### 3. Stretch moduli

The stretch modulus of a homogeneous isotropic elastic material is obtained under uniaxial tension with the gradient tensor in a Cartesian system of coordinates taking the form [57]

*λ*> 1 is the stretch ratio in the direction of the applied tensile force. Assuming that the only non-zero component of the associated first Piola–Kirchhoff stress, given by (2.6), is in the tensile direction, i.e.

*P*

_{22}> 0, it follows that

*P*

_{22}is the tensile first Piola–Kirchhoff stress given by (3.2),

*λ*− 1 is the corresponding tensile strain (for different definitions of an elastic strain, see [57]) and

*μ*= lim

_{λ→1}(

*β*

_{1}−

*β*

_{−1}) is the shear modulus at small strain.

To derive stretch moduli for the nematic material, we apply the tensile force in a direction that is either parallel or perpendicular to the reference nematic director [45]. In each case, we assume an overall deformation where the elastic component is a uniaxial tension with the deformation tensor given by (3.1). Then, we calculate the stretch moduli by taking the ratio between the first Piola–Kirchhoff tensile stress and the associated strain in the limit of *small elastic tensile strain*, while the natural deformation remains finite.

#### (a) Nematic director parallel or perpendicular to the tensile direction

When the tensile force is acting in the second Cartesian direction and the reference director is parallel to the tensile force, the nematic director in the current configuration and the associated spontaneous deformation tensor take the following form, respectively (figure 1*a*):

*a*),

**A**is of the form given by (3.1), for the deformation gradient

**F**and the associated first Piola–Kirchhoff stress, the principal components in the direction of the tensile load are, respectively,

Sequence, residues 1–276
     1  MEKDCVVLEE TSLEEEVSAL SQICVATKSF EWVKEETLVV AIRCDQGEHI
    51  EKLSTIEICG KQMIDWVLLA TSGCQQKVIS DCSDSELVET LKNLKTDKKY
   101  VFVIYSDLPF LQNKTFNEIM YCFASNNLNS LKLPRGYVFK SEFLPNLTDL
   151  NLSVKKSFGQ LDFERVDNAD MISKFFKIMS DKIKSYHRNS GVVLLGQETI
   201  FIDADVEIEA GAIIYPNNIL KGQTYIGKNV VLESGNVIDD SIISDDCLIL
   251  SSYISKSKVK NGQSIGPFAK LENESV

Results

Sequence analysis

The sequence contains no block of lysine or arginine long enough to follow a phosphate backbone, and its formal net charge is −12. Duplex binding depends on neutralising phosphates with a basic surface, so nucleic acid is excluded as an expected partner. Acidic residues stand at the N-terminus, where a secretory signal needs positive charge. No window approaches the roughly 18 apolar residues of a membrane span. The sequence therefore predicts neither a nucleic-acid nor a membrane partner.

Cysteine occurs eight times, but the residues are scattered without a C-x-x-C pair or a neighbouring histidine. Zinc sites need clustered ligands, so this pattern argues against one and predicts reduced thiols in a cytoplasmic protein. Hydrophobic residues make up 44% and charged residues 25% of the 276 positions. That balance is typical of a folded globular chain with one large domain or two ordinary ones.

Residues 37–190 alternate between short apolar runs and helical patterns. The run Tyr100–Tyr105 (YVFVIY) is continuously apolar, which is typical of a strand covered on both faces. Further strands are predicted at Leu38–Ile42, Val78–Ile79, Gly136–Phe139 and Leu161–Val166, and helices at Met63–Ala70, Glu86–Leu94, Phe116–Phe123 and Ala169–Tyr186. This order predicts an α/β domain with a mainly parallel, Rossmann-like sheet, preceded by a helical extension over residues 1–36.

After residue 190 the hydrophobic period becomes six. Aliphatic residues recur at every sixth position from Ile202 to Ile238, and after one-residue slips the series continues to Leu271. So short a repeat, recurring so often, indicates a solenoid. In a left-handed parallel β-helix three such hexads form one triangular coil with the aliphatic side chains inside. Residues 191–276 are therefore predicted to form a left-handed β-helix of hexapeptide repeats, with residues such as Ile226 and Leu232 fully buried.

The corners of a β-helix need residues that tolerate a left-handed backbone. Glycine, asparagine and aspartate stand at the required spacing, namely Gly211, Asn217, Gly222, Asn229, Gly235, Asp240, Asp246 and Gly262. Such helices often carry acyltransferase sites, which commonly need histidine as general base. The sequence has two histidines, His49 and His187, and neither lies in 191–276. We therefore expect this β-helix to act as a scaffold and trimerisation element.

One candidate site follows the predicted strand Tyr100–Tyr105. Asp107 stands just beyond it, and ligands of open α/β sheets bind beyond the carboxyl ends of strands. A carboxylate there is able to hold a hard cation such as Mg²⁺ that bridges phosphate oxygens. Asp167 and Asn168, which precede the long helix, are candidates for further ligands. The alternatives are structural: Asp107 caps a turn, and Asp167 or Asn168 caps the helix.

*P*

_{22}is the first Piola–Kirchhoff stress given by (3.2). These are illustrated in figures 1

*b*and 2

*b*, respectively, for

*μ*= 1 and

*ν*= 1/2. We define the following stretch moduli for the nematic material under the above two deformations, respectively:

*E*= 3

*μ*is Young’s modulus defined by (3.3). Therefore, the stretch moduli given by (3.8) and (3.9) satisfy the following relation:

*r*> 1, then

*E*

^{(1)}<

*E*

^{(2)}; if

*r*< 1, then

*E*

^{(1)}>

*E*

^{(2)}; if

*r*= 1, then

*E*

^{(1)}=

*E*

^{(2)}=

*E*.

### 4. Shear moduli

To obtain the shear modulus of a homogeneous isotropic elastic material, a standard deformation is the simple shear, with the following gradient tensor in a Cartesian system ofcoordinates [57]:

*k*> 0 is the shear parameter. The non-zero components of the associated Cauchy stress tensor, given by (2.5), are

*small elastic shearing strains*, while the natural deformation remains finite.

#### (a) Nematic director parallel to the shear direction

When the reference nematic director ${\mathbf{\text{n}}}_{0}^{(1)}=[1,0,0{]}^{T}$ is parallel to the direction of applied shear force, in the current configuration, we have (figure 3*a*)

*P*

_{12}is the shear component of the elastic first Piola–Kirchhoff stress given by (4.3). These are represented in figure 3

*b*, for

*μ*= 1 and

*ν*= 1/2. We now define the shear modulus for the nematic material at small shear as follows:

#### (b) Nematic director perpendicular to the shear direction

When the reference nematic director ${\mathbf{\text{n}}}_{0}^{(2)}=[0,1,0{]}^{T}$ is perpendicular to the direction of shear, we obtain in the current configuration (figure 4*a*)

*k*, the corresponding shear strain and first Piola–Kirchhoff shear stress of the nematic material take the form

*P*

_{12}and

*P*

_{22}of the elastic first Piola–Kirchhoff stress given by (4.3). These are illustrated in figure 4

*b*, for

*μ*= 1 and

*ν*= 1/2. In this case, the associated shear modulus at small shear is equal to

#### (c) Nematic director perpendicular to the shear plane

When the reference nematic director ${\mathbf{\text{n}}}_{0}^{(3)}=[0,0,1{]}^{T}$ is perpendicular to the shear plane, we have (figure 5*a*)

*P*